Hitachi CP-X5021N LCD Multimedia Projector Review

A detailed review of the Hitachi CP-X5021N projector. This is a bright projector and a versatile one. The CP-X5021N, however, was designed with the university (and K12) classoom, multi-purpose room and small auditorium market in mind. This projector is one of Hitachi’s Collegiate series projectors.

December 2010 – Mike Rollett Update 1/19/11: We measured a 2nd Hitachi CP-X5021N projector to confirm brightness, which, while very impressive, was still notably below the factory claim for this Hitachi projector (more in the review). Update 2/16/11: Further investigation finds more lumens under the hood. Hitachi CP-X5021N receives our Hot Product Award. More info on the Performance page.

Hitachi CP-X5021N Projector Highlights

  • Very good Brightness – approximately 3500 lumens measured – 5000 claimed – (but 4300+ lumens possible, see update)
  • Horizontal and vertical lens shift, 1.7:1 zoom lens, for great placement flexibility
  • Can do computer free presentations including from over a network
  • “Perfect Fit” advanced keystone adjustment
  • Long-life hybrid dust filter (5000 hours) means no extra required maintenance
  • Long lamp life in Eco mode (5000 hours) for low cost of operation
  • Advanced picture adjustment options for gamma and grayscale
  • 16-watt built-in speaker – enough for larger classrooms

Hitachi CP-X5021N Projector Overview

Headlining Hitachi’s “Collegiate Series” of multimedia projectors, the Hitachi CP-X5021N projector is a portable XGA (1024 X 768) LCD multimedia projector that provides excellent color even in its brighter settings.  Unlike most of the competition, it features both horizontal and vertical lens shift, greatly increasing flexibility of placement of the projector.

The CP-X5021N measured in with approximately 3500 lumens (more about that, and updates, in the “Performance” section of this review) with custom picture adjustments for gamma and grayscale seldom seen on multimedia projectors.  Also, it features one of the highest output, built-in audio power ratings (16 watts) in its class.  This combination of brightness and sound level make it well suited for its intended use in a classroom or lecture hall.

For easy setup, in addition to lens shift, the Hitachi CP-X5021N provides adjustable front feet and auto keystoning, as well as an advanced method of picture corner correction called “Perfect Fit”.  “Perfect Fit” allows the users to individually adjust picture corners for proper display (more about that in the “Setup” section of this review).  Another nice feature is the claimed 5000-hour lamp life in Eco mode, as well as a 5000-hour replacement interval for the dust filter.  As a user can still get 2500 lumens in Eco mode, you can get a lot of projection time out of a lamp if you have some light control in your presentation venue.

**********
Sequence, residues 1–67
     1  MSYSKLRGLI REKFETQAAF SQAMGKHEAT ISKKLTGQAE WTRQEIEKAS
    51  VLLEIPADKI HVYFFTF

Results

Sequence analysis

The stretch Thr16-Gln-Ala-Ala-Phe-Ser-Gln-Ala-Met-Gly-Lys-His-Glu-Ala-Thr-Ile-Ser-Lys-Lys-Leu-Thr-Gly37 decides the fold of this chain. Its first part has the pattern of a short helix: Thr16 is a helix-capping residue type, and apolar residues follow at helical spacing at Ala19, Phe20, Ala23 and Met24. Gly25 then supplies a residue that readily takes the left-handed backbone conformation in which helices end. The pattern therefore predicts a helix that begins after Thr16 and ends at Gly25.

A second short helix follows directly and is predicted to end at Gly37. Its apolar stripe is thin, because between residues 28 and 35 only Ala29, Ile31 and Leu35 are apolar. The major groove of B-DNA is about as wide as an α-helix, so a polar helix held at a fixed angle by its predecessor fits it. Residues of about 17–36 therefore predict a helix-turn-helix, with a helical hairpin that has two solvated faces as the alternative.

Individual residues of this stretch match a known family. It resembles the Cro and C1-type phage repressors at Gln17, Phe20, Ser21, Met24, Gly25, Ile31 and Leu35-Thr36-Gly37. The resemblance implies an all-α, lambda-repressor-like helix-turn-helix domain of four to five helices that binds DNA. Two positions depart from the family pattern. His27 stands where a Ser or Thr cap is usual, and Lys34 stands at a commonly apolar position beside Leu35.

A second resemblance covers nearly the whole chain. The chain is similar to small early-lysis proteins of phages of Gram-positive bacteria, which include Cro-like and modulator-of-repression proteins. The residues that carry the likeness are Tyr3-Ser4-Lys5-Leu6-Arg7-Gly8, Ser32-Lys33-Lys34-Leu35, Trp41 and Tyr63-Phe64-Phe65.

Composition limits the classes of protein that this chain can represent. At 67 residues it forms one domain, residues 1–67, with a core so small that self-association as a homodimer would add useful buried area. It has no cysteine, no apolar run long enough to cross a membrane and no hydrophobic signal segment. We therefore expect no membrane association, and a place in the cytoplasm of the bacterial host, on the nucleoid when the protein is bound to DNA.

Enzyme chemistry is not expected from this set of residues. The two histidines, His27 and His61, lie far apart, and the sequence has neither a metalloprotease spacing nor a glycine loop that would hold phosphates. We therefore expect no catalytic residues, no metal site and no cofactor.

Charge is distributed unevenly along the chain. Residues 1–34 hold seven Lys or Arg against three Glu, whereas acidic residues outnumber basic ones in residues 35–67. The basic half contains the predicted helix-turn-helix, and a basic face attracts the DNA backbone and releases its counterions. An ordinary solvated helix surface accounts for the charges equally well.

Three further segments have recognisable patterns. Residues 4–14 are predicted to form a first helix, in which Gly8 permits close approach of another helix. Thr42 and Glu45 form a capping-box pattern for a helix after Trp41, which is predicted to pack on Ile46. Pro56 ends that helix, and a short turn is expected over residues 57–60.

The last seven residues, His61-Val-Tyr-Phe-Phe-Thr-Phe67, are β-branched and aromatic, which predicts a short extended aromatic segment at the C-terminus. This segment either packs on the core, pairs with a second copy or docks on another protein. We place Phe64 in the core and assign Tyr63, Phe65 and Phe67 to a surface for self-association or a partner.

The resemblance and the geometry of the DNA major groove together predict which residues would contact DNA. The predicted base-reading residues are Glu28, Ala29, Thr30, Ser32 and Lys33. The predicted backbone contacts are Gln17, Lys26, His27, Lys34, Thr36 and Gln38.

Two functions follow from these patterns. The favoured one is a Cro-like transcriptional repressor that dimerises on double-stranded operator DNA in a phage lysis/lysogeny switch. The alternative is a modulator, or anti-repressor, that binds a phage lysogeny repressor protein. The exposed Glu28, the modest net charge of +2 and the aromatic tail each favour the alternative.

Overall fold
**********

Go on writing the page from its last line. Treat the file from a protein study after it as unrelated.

The CP-X5021N also features a full set of inputs and outputs, including both HDMI and USB inputs.  While not specifically promoted for its portability, the CP-X5021N’s relatively compact size and 10.4 lb. weight, along with its easy setup, make it simple to use in multiple locations.  When considering it’s built in audio advantage over the competition, the extra weight may be a minor trade-off compared to carrying some additional speakers!

Noteworthy: Audio

Hitachi developed their “Collegiate” series with the larger classrooms typically found on college campuses in mind. One key aspect of dealing with large classrooms is sound. Typical portable projectors have one or two 1 watt speakers.

Most projectors designed for typical 40 or less student, K-12 classrooms, though, typically have more audio power, perhaps a single 7 watt speaker, or a pair of 5 watters, or maybe even one 10 watt single speaker. The Hitachi’s 16 watt speaker is more audio horsepower than we’ve seen on almost any other projector. (Most auditorium projectors won’t have speakers built in, figuring they need more significant sound reinforcement.)

By providing respectable sound, the Hitachi reduces the overall cost and installation effort that would be required if separate speakers and audio amplifiers are used. Keep in mind, though, even a 16 watt speaker isn’t going to fill a large classroom with audiophile sound. It will likely, though, be enough for basic voice over video, and equally a benefit, the Hitachi has a microphone input, so the professor – or presenter, can use the Hitachi to amplify his voice.

The microphone capability is a very nice touch, and likely will be appreciated by many, whether by a professor in a classroom or a presenter in a large multi-purpose room or meeting room.

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